The content of the curriculum was mentioned as a barrier for nurses in the way of clinical decision-making, as one head nurse stated: "apparently the nurse educators think the best nurses are the nurses who have more medical information. They give them an extensive range of disease-related, pharmacological and physiological information, but don't spend even 10 minutes on the nursing care in a class of two hours, so, if you ask one of our nurses to write a standard nursing diagnosis, she/he cannot. They cannot differentiate between medical and nursing diagnosis. Therefore, they don't know their domain of activity." Another head nurse also considered the methods of education as barrier and said: "The students have learned the text books in their classes but they had little or no opportunity to apply them in practice."

In addition to the fact that the curriculum is mostly theoretical and inapplicable, role models also played a significant role in the weakness and reluctance of nurses to assume responsibility and making independent clinical decisions. One of the experienced nurse educators believed that due to inexperience and freshness of most of the nurse educators, they lacked self confidence and could not educate a good new nursing generation."

Staff nurses and their routine-oriented actions also act as role models for nursing students. One senior nurse manager who also was an educator in a nursing school perceived them as barriers in the way of clinical education and the development of students' decision-making skills. He said: "our academic education is held well but when the students enter the practice environment, they are faced with some particular organizational behaviors that are task oriented and inhibit independent decision-making." In-fact they have considerable amount of knowledge but cannot apply them to practice, therefore "they are limited to giving the drugs and doing the doctors' orders" as a nurse manager said.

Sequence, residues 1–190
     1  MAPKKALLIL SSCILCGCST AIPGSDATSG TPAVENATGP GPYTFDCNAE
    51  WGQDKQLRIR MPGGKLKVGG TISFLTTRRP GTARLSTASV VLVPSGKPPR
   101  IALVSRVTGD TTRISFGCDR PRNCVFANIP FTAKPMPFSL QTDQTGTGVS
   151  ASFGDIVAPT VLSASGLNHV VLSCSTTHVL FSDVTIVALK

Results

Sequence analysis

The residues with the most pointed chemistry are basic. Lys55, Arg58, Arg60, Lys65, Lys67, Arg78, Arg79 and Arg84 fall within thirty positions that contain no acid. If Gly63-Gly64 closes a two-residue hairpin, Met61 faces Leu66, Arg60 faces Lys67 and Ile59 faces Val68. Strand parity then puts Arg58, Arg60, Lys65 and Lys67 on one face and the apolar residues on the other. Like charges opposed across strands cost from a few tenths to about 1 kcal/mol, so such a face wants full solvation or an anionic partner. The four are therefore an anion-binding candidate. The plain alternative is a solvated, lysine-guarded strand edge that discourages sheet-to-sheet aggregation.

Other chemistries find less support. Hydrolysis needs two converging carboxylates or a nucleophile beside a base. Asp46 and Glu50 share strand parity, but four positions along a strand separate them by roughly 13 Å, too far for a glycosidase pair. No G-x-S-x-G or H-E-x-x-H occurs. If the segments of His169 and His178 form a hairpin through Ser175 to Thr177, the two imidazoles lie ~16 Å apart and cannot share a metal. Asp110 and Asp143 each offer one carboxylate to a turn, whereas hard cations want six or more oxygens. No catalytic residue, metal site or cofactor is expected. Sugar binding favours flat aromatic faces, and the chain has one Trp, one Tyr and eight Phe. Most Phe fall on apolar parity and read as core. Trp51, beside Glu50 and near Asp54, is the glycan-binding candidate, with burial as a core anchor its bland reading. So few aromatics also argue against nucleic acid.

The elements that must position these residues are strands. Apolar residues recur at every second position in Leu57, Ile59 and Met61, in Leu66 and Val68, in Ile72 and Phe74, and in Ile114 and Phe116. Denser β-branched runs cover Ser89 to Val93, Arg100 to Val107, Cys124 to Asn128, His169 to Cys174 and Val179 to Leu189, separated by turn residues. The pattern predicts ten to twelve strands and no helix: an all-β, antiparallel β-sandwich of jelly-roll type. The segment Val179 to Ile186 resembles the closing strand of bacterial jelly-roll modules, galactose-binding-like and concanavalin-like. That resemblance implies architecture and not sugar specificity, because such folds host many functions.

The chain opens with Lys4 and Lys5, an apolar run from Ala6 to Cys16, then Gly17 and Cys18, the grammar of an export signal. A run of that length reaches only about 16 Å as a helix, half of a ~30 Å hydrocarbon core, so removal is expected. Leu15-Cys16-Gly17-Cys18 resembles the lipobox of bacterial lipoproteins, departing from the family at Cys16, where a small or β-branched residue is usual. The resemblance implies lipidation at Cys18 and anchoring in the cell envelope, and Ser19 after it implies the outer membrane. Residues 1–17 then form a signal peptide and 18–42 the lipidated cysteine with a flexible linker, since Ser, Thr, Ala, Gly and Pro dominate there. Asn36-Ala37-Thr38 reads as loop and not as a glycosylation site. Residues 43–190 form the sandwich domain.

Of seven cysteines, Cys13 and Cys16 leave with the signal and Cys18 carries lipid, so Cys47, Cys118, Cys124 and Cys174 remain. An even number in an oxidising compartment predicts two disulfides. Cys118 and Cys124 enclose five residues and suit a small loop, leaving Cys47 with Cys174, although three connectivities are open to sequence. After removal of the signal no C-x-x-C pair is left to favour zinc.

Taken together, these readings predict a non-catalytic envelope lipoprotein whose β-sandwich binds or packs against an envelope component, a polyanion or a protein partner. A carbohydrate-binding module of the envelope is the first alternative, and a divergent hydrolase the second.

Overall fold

Discussion

The findings of current study indicate that two groups of internal and external variables can facilitate or inhibit the nurses' clinical decision making. According to the participants, "competence" and "self confidence" of a nurse were the internal factors and "being supported," "process of nursing education," and "structure of the health care institute" were the external factors that can enhance or inhibit the nurses' clinical decision-making. It is not uncommon for models of decision-making to focus on one or the other. Perhaps the most effective decision-making requires a model that integrates both dimensions.